Dominique, too, is drawn to Willie, who is several years younger than him. Like Elizabeth, he takes Willie under his wing, brings him into their elite circles. Practically overnight, the odd pairing becomes a devoted couple, and for the only time in the book—practically a blip in the narrative—they have a surprisingly content relationship, lasting five years.

Then the AIDS epidemic hits. It’s not entirely clear who is first infected—and the question becomes a key point of contention in the novel—but both Doumé and Will are diagnosed with HIV just as the outbreak hits the cultural fore. For a number of reasons—including how the HIV diagnosis affects them—they break up, or, more accurately, declare war.

“The eighties were a cultural and intellectual wasteland except when it came to TV, free-market economics, and Western homosexuality.” Elizabeth is making fun, a bit, but it’s all too serious to Doumé and Will. Doumé starts an organization to raise awareness about safe sex in the gay community and distribute condoms. Will, outraged for reasons that don’t entirely make sense, decides Doumé must be stopped—and he founds his own counter movement, built on promoting unsafe sex. To Will’s faction—whether or not he believes his own rhetoric is unclear—safe-sex campaigns deny gays the right to express the part of themselves that makes them unique, that makes them important and culturally significant. It’s as provocative as it is intellectually suspect, and it propels the volatile, bipolar Will onto the national stage. He becomes a media phenomenon.

Much of this exposition, might I add, is revealed fairly early in the book—and Hate, then, charts the duo’s slow, public, political escalation of hostility. As this feud plays out, Elizabeth maintains her reportorial detachment, even when she’s caught in the crossfire. But she’s not without opinions; much of the book reads as elaborate deadpan, and Hate’s characters can be comically earnest. There’s the sense that, while intensely serious, Elizabeth also realizes that they’re completely ridiculous. But the detachment can also be frustrating; why does she indulge, for instance, in exposition about specific superfluous political debates if she does find them ridiculous? Why not just say so, and move on?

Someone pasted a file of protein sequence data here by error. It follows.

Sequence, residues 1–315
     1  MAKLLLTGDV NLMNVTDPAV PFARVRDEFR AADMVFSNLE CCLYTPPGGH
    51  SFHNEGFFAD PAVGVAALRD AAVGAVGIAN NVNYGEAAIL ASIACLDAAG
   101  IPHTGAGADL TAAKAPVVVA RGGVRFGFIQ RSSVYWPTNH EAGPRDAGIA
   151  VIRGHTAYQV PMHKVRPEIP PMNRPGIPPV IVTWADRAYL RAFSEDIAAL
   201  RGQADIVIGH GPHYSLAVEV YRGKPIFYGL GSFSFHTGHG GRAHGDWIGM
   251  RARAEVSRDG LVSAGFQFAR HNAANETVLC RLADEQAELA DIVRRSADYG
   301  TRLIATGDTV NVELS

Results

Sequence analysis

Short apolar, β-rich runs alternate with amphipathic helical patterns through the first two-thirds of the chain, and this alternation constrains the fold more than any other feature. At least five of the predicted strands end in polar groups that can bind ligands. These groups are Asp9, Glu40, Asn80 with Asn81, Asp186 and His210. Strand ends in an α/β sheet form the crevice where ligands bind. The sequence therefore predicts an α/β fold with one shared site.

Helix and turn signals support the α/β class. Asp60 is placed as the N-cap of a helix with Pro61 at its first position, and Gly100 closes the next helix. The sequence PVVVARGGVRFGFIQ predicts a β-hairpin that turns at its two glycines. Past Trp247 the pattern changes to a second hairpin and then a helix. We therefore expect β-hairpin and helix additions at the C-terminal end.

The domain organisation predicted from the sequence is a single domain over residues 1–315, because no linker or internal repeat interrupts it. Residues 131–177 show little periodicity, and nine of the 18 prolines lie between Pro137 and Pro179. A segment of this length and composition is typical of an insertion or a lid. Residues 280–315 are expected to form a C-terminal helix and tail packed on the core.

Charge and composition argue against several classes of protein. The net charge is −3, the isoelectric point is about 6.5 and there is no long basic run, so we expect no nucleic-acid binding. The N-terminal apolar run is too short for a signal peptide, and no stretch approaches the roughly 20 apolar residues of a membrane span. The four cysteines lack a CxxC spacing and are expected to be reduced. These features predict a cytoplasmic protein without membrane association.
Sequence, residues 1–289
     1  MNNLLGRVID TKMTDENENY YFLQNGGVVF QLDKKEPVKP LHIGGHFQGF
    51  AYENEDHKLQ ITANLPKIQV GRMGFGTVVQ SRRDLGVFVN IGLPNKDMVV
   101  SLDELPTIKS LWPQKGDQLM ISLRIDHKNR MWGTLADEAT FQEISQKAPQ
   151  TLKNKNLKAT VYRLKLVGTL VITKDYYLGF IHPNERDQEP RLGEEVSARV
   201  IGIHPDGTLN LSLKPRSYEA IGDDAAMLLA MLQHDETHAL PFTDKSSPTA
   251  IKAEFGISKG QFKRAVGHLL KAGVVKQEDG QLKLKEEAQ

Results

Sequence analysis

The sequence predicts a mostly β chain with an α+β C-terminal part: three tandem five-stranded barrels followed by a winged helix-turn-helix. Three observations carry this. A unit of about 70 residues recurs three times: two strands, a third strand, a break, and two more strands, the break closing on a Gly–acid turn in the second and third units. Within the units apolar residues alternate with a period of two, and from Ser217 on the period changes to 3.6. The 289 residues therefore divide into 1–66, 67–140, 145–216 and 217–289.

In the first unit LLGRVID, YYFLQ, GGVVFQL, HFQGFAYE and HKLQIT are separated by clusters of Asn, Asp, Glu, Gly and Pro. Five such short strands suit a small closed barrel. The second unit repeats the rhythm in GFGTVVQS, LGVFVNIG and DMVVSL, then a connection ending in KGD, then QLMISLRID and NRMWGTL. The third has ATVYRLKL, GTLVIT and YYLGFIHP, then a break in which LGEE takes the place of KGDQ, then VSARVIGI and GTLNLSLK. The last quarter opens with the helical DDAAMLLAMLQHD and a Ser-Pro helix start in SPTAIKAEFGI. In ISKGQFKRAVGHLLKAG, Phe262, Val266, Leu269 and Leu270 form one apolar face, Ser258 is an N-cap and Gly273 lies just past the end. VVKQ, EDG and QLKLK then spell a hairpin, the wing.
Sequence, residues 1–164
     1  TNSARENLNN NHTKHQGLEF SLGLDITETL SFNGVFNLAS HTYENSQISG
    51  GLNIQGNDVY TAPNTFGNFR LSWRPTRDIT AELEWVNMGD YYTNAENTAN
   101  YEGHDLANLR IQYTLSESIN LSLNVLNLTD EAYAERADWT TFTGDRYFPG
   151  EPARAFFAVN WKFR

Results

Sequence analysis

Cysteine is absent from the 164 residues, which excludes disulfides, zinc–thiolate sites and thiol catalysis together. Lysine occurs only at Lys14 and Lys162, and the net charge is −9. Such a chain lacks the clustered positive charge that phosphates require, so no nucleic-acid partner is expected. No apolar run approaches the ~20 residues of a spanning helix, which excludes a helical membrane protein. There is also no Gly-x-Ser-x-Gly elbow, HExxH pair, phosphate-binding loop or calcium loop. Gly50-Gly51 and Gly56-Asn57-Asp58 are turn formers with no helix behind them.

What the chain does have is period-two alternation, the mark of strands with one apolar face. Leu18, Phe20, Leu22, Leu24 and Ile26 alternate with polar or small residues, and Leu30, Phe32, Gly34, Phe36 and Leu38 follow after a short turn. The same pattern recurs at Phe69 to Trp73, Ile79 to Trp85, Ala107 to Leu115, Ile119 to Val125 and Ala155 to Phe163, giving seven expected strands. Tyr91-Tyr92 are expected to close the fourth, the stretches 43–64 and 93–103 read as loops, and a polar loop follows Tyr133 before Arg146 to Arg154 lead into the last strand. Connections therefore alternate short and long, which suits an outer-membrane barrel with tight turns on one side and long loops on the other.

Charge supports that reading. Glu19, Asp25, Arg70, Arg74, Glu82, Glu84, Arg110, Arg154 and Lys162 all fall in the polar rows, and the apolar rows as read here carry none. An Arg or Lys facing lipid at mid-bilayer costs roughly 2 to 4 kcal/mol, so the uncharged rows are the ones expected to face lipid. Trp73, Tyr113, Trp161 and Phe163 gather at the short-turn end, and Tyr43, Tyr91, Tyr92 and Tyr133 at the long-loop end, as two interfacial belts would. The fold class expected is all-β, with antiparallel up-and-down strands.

One explanation, perhaps, is that Elizabeth does not want to adulterate her elaborate piece of journalism by inserting too much of her life, or her opinions, into the story. But she does run the risk of alienating her reader. At times the very human figures of Doumé and Will even become obscured by the political debates that roil around them. They’re powerful political icons, and yet they stop existing as people.

Ultimately, though, the story is a human one. Elizabeth—or should I say García—reminds us that the politics of sex, no matter what the intellectual foundation, are still about the physical human body, about individual people at their most private and primal. By inserting themselves into a public debate about sexual politics, Willie and Doumé give over their personal lives to become political fodder.